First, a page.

As I mentioned in this post, my 2014 racing plan was going to be more thoughtful. Unlike last year, I was not going to belly up to the all-you-can-eat buffet of race opportunities and load my tray with far more than I could actually consume.
That was front of mind as I began to register for races.
The three I have registered for were fairly easy choices.
The Summer Open Sprint is perennial and just like the name indicates; it opens the season for many
Front Range triathletes.
The Steamboat Springs Olympic Triathlon was also an easy choice. I love the area and I’ve always been impressed with the quality of race put on by the folks at Without Limits Productions.
Lastly, the Harvest Moon is a great deal for a 70.3 event ($130) and has become a popular race with locals.
All of these races are also capped so no swimming in a permanent washing machine or riding the whole bike in a peloton. I took advantage of early sign-up specials at the beginning of the month.
Then it came time to start looking at Ironman 70.3 Racine. Having done two of their 70.3 events, I actually am fairly impressed with WTC. You pay a lot, but you also get a lot. The venue was also intriguing. However, there was also the issue of getting to the venue.
Option 1 was to drive there. It ensures that the bike travels well and that I have reliable transportation on arrival. However, a one-way drive from my home to
is 1058 miles according to Google Maps. In other words, over 2000 miles of
driving in the space of a week. Meh. Not so much.
Option 2 was to fly to nearby
Milwaukee. It puts me near the race venue but
unlike an intriguing and entertaining city like Austin,
not have much vacation appeal.
Option 2.1 therefore, was to fly to also nearby
Chicago which could be
done relatively cheaply on Spirit Airlines, even after they tack on fees for
baggage, etc. We could then spend some time in the
for a few days after the race and make something of a vacation out of it. Windy City
However, both variants of Option 2 meant figuring out bike transport either at the lofty cost of $150 with the airline or less than half that using a bike shipping service, but also trusting a rather expensive piece of equipment to a courier. All three options meant finding a hotel near the race venue and the nearest one clearly sells out early.
Taking all of this together, I realized that I would be going through a lot of trouble to do a race that while appealing, was not really on my bucket list. I think
probably has some regional appeal, but I’m not in the region.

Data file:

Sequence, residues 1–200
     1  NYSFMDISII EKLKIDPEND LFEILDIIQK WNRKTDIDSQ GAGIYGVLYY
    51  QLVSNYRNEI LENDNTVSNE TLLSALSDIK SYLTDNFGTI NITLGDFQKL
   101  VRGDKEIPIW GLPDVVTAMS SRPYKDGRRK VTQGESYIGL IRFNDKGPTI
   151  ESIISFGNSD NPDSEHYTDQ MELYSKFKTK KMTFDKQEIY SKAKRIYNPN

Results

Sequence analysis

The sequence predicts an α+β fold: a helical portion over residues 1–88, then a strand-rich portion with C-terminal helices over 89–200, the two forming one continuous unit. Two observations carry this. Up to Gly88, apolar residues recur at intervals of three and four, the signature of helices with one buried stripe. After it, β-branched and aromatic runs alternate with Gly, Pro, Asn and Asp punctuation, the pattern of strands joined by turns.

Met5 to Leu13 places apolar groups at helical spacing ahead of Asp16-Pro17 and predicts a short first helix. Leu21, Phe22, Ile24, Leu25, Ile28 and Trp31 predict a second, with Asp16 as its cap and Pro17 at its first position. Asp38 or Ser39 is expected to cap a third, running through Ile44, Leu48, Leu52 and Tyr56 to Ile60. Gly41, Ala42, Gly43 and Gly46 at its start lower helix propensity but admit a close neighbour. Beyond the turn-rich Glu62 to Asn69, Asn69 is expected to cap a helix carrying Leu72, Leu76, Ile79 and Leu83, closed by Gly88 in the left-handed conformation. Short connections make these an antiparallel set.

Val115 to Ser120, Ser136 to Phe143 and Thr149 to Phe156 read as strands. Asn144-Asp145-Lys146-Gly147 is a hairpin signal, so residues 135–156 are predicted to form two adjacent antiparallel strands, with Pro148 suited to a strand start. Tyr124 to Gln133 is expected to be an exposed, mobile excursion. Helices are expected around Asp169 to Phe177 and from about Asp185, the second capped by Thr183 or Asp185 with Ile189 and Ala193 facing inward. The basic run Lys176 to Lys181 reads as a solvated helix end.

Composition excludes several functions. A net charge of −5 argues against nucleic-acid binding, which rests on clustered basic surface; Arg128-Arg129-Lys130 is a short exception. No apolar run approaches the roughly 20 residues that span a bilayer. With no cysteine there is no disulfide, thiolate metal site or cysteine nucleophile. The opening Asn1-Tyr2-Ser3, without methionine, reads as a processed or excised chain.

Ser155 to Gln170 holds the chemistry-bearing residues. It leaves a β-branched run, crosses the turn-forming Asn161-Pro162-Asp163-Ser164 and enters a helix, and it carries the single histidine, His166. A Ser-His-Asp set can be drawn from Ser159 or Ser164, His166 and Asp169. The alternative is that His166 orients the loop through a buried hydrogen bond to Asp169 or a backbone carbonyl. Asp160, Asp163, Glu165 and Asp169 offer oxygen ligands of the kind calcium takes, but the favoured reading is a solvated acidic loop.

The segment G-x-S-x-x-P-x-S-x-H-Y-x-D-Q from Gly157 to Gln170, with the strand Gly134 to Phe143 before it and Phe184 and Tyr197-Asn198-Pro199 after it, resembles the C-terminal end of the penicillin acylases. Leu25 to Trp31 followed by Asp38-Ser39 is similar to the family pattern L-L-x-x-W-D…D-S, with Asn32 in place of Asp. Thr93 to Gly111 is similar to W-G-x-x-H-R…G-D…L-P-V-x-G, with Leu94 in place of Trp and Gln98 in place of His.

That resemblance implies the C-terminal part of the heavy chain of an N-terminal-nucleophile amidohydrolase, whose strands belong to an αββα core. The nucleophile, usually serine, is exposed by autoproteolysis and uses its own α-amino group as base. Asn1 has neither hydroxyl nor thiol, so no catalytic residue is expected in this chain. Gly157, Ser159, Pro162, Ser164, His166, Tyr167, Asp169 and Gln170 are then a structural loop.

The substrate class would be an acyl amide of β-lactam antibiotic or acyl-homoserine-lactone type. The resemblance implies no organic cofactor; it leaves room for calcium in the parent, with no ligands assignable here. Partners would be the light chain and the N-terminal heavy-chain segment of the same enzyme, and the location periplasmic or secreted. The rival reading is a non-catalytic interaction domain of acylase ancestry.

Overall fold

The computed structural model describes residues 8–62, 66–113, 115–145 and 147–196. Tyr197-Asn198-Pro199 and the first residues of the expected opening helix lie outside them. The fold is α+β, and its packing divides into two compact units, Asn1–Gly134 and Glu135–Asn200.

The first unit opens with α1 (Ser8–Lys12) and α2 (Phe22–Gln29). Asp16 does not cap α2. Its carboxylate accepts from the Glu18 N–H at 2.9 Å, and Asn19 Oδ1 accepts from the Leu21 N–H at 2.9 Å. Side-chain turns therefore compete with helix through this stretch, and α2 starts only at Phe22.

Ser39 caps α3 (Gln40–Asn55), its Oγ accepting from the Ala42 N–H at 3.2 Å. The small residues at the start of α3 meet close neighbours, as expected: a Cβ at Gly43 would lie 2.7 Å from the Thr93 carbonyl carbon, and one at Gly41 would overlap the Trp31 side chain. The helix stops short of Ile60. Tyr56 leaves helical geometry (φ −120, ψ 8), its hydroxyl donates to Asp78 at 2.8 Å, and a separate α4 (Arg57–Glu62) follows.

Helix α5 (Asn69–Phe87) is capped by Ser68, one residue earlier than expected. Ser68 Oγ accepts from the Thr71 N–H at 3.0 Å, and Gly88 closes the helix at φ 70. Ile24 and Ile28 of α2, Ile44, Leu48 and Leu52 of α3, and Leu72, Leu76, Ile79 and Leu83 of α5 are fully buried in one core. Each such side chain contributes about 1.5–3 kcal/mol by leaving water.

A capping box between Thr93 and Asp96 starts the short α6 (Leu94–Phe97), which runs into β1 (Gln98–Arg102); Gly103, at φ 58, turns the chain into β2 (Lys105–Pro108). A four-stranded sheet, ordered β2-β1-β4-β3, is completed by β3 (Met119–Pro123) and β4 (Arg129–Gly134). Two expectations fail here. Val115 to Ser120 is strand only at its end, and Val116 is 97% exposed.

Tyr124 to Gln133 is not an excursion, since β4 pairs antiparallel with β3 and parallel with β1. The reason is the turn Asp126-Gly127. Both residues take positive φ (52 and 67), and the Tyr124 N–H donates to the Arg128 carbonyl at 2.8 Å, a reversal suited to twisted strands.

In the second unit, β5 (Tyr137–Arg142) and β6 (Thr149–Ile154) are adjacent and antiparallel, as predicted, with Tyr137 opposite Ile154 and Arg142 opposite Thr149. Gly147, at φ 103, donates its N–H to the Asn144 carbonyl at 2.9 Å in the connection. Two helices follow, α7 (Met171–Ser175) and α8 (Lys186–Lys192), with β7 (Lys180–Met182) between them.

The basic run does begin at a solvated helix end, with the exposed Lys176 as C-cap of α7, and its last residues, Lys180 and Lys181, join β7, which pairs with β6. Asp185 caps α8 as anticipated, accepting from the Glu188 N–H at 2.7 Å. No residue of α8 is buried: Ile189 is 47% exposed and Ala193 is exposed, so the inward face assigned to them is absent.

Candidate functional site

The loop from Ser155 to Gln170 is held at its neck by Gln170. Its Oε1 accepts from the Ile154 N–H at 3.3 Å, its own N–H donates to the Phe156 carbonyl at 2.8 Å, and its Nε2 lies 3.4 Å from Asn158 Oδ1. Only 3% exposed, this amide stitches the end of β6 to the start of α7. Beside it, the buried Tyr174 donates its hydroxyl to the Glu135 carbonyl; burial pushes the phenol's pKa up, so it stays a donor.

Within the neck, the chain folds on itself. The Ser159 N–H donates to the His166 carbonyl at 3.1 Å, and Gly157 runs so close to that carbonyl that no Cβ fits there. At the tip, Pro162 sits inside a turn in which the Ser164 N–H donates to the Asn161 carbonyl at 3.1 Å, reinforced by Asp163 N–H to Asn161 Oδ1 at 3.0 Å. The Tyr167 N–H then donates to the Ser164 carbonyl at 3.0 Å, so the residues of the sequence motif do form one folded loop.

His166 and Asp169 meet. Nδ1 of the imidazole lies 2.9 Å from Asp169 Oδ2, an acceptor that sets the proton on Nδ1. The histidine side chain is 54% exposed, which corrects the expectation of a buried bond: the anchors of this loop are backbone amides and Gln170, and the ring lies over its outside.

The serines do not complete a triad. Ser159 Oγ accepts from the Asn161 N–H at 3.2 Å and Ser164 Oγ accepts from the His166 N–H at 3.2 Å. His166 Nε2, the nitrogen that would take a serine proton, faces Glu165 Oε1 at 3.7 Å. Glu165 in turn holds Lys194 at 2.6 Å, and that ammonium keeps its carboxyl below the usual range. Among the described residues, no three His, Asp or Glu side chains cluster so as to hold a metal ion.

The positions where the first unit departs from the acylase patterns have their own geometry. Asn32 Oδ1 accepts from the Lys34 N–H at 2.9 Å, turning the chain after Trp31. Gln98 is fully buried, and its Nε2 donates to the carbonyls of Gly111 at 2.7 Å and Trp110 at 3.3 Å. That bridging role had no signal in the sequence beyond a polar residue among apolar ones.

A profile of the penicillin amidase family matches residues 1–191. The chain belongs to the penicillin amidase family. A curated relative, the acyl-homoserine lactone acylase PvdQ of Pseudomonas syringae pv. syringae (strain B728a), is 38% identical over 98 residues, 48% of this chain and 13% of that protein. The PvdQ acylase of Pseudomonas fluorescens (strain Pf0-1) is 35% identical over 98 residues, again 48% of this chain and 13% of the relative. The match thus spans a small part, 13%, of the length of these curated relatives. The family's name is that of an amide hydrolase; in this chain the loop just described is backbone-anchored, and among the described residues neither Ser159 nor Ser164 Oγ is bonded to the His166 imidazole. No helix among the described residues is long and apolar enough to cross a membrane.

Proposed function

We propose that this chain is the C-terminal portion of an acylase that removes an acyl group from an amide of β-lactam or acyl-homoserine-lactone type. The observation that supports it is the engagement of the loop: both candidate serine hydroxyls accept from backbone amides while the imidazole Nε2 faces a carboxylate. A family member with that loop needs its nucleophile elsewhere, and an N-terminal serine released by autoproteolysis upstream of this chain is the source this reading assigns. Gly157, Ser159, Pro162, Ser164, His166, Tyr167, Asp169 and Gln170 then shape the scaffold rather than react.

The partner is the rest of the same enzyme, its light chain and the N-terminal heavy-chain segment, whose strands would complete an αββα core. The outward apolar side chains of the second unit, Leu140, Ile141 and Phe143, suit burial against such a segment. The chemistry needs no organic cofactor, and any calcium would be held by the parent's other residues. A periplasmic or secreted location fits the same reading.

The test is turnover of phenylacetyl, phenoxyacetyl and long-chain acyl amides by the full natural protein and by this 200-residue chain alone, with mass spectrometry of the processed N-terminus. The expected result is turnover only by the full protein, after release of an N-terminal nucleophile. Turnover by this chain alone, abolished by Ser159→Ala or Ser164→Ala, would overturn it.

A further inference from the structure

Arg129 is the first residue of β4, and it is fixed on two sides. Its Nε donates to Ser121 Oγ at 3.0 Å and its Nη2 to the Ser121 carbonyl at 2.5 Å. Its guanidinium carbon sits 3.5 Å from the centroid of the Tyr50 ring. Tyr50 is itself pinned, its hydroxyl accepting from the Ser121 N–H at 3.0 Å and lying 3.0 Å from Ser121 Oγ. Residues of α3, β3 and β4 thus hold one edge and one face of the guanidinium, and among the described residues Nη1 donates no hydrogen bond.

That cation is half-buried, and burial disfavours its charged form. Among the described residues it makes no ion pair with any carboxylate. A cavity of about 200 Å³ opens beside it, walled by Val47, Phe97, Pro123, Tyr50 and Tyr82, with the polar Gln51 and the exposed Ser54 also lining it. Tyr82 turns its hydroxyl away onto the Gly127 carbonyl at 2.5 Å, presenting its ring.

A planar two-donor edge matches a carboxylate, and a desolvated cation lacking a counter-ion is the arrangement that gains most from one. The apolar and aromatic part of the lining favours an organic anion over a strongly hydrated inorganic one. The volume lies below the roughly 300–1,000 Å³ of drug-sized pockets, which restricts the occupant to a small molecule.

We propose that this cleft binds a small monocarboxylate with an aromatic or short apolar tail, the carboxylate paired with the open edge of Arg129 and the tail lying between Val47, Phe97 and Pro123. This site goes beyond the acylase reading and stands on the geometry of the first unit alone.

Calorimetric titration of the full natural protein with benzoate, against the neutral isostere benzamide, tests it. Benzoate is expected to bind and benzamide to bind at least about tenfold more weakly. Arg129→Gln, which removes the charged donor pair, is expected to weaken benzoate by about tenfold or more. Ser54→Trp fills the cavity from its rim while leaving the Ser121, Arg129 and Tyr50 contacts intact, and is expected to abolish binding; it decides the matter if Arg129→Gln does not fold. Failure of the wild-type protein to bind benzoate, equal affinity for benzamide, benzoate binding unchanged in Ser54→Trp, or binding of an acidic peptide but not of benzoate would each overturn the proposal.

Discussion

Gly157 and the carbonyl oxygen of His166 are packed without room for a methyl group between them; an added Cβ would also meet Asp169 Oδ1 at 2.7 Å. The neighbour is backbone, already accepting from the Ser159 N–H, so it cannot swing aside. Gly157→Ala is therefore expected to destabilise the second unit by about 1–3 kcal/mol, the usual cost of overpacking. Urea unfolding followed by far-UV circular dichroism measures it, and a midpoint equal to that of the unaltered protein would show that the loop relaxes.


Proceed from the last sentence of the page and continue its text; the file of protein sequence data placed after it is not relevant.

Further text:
So I went back to the drawing board to find another race and struck out. There are races in mid-July, but all involve multi-state travel at considerable cost and/or time. Someone in
Colorado could probably really clean-up with
a 70.3 race that time of year, but so far, there are no takers.
The idea that came to me isn’t really my idea at all. If you listen to Brett Blankner on the Zen and the Art of Triathlon podcast (which I recommend you do) you may have heard him mention a race he puts on called the Iron Baby. You can read the whole back story on how and why that race exists here. The point, however, is that, due to his own circumstances, he could not participate in a sanctioned race. So he just created his own race.
Why not do the same thing, I wondered? So I started planning my own (yet to be named) 70.3 event.
Those of us in
fortunate enough to have access to multiple open-water swimming venues, including
the Bowles Reservoir #1 at Grant Ranch in Lakewood.
Best of all, this venue has an already marked 1.2 mile swim course. That’s far
better than swimming 1.2 miles in a pool.
The parking lot outside of the lake will be our T1 where my wife will be standing by with the bikes. From there, I’ve begun scoping out rides that will take us safely out of the area and back to my house. My garage will be T2 and the run course will start and finish there. Throughout, my wife has agreed to staff the mobile aid station so that we’ll have all the support we would have in a sanctioned race. The distances will be the same: 1.2 mile swim, 56 mile bike and 13.1 mile run.
There will be no banners, crowds, PA announcer or any of the other pageantry and glitz of a sponsored event. On the other hand, the cost will be next to nothing (just some gas plus whatever nutrition and hydration) and the net effect will be the same. No, this does not count toward my USAT standings, but let’s be honest; I’ve never been high on that list anyway.
Of course I’ll always love doing a sponsored/sanctioned event. The crowds, the atmosphere, and the convergence of so many like-minded athletes make for an unparalleled experience. Indeed, if I had not done so many races already, doing the self-supported thing might not have as much appeal. Since I’ve competed in 16 multisport events, this feels like it might actually be a unique experience.